The Difficulty of Building a New Habit
The 30-day rule is relative
It doesn’t take 21 or 30 days to build a new habit.
Popular culture says that building a new habit takes 21, 28, and/or 30 days. No such rule applies to all. In reality, I feel like there are too many variables that play a part in how one can even build a new habit. Let’s delve into this and see why.
If habits really take only 30 days to make, then how did I develop binge eating as a habit within a few hours?
I suffered from anorexia for 7 years. I did it to get a flat stomach, slimmer thighs, and slimmer arms. I never reached the goal for some reason (I suspect it’s because of the physical effects of trauma). No, I wasn’t thinking inaccurately because I was anorexic and have a distorted body-image. My body fat always hovered between 28-30%, which meant that I clearly had visceral fat. It was visible for all to see. Those 7 years of anorexia were easy for me - it was an automatic decision to not eat because I really didn’t want to be “the fat kid” anymore. But why was it so easy to get out of it?
People who suffer from anorexia or bulimia struggle to get out of it. For them to suddenly start eating and letting the body accept the food is hard. What I never understood is how I got out of anorexia in 1, 2, 3. One day I decided to binge eat, and that became who I am. I gave up anorexia and thus my goal of achieving a slimmer body within seconds. Was it because 7 years of extreme discipline but never reaching the goal discouraged me? But I thought such habits take time to break and build?
It’s easy to see why I would use weight loss as the prime example for discussing the creation and destruction of habits. I still struggle with my weight today. Though I have lost 25lbs recently, I am seeing myself lose control and starting the binging again. I spent over a month building the habit of just cooking on my own and doing exercise, yet it was that easy to break it. It made me realize that the cardinal rule of “it takes x amount of time to build a habit” is just not applicable to all.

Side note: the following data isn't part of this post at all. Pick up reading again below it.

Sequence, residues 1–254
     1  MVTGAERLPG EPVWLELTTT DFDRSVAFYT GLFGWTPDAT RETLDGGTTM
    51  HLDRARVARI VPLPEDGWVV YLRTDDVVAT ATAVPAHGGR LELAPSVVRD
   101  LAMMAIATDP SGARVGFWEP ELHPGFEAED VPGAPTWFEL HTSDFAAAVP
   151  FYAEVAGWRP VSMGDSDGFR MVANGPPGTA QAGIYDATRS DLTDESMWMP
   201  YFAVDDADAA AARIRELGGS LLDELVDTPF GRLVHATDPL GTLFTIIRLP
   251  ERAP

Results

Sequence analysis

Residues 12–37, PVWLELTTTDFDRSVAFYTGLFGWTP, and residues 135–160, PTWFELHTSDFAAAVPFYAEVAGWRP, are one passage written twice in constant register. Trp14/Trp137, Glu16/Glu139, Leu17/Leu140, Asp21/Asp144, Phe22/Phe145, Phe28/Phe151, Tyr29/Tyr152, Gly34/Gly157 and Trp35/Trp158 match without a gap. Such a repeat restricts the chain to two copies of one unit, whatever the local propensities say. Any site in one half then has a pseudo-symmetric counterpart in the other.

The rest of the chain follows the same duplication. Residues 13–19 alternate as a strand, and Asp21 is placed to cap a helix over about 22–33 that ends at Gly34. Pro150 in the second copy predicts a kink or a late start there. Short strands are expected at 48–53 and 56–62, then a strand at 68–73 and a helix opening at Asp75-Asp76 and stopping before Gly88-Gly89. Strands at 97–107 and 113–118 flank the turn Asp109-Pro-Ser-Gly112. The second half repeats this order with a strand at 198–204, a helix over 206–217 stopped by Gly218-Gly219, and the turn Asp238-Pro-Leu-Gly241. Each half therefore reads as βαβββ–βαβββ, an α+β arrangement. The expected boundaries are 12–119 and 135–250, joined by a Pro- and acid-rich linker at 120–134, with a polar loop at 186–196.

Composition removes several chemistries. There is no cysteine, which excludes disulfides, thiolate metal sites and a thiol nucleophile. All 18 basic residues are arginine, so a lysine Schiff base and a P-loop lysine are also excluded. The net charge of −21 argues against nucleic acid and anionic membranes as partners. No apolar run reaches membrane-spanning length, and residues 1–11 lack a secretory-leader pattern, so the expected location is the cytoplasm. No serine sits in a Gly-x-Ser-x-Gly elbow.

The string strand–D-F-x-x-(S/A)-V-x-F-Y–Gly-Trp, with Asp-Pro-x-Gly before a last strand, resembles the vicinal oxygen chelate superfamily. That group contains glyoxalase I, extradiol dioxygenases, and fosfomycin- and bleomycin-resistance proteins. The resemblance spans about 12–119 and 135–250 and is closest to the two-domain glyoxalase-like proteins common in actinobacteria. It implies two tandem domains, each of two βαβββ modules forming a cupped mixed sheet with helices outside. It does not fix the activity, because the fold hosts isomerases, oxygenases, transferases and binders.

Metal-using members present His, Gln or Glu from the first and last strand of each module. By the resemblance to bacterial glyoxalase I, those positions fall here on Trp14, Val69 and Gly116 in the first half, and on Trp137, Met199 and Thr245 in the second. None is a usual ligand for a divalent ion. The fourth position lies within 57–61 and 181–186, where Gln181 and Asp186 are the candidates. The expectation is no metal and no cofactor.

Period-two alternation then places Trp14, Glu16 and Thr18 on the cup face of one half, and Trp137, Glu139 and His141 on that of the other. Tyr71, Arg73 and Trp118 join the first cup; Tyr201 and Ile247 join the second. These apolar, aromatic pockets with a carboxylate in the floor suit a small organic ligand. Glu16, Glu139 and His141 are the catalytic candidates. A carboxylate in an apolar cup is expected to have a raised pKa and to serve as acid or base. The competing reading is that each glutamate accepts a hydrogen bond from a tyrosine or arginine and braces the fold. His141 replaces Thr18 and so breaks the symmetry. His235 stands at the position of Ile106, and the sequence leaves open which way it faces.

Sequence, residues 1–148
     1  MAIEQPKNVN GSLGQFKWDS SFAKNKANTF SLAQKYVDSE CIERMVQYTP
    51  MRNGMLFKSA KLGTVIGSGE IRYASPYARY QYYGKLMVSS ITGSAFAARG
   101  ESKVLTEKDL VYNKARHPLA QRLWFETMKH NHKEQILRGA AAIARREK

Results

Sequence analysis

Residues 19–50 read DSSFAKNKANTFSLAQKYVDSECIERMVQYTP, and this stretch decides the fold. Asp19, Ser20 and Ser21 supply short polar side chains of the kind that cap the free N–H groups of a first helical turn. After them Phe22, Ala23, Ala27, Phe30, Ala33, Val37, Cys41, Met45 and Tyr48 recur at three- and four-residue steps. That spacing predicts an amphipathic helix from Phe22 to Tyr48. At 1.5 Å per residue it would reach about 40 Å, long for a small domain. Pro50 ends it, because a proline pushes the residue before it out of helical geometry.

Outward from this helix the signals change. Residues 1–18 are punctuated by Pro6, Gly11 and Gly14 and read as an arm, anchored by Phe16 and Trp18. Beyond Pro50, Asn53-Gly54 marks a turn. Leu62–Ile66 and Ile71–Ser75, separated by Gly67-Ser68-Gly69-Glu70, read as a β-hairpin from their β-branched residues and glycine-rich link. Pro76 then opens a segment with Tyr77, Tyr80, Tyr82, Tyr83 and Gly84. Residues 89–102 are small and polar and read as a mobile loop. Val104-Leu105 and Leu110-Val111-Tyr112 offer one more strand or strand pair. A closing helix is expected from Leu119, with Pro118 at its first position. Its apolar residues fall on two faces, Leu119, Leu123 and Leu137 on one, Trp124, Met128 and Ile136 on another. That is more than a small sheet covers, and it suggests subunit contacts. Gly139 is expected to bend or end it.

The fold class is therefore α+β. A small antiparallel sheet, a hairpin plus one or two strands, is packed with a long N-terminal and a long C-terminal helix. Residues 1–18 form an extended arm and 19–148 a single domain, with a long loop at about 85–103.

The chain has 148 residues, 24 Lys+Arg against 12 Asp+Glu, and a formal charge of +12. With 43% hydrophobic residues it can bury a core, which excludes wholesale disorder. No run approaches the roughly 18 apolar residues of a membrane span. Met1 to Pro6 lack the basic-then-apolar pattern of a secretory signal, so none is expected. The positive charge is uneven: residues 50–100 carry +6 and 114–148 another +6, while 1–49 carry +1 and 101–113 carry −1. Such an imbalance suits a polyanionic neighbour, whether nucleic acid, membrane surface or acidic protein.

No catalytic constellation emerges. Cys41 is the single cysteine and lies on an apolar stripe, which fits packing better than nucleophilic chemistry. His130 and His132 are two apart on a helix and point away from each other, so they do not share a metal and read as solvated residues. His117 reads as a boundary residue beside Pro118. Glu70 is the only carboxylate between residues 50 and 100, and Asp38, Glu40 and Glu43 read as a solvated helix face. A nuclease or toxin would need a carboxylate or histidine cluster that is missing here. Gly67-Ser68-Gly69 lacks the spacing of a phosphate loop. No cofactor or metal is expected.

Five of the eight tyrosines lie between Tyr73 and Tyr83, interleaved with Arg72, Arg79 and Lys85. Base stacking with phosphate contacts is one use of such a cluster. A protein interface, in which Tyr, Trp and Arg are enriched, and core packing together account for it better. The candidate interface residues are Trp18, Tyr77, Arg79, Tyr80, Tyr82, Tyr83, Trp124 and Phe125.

One thing I noticed is that the only way to build a habit effectively is if my mind aligns with that habit. For instance, I really want to lose weight but I absolutely hate the idea of having to restrict. Yet, restricting is the rule of the game to lose weight. I have already stopped restricting carbs, gluten, dairy, processed sugar, and junk just so I can do a simple calorie deficit. It’s still not working. My heart and soul feels like a slave to the notion that restricting eating is the way to lose weight. My entire entity isn’t going to let me build that habit; it’s prohibiting me.
But when I try to build a habit of let’s say writing on Vocal, my mind is like YES! Write! Go! It’s excited for me because it’s the outlet that mends all my holes. I haven’t missed a day in 2 weeks. Even at my worst days where my depression symptoms make me question if I should get out of bed, I can still write 1-2 articles.
If building a habit is really the goal, it needs to be crafted in a way that aligns with us. I love writing and expressing, so I can keep publishing on Vocal even at my worst. I hate being a slave to restriction cause it feels punitive, so I just can’t keep the diet going even after being less restrictive.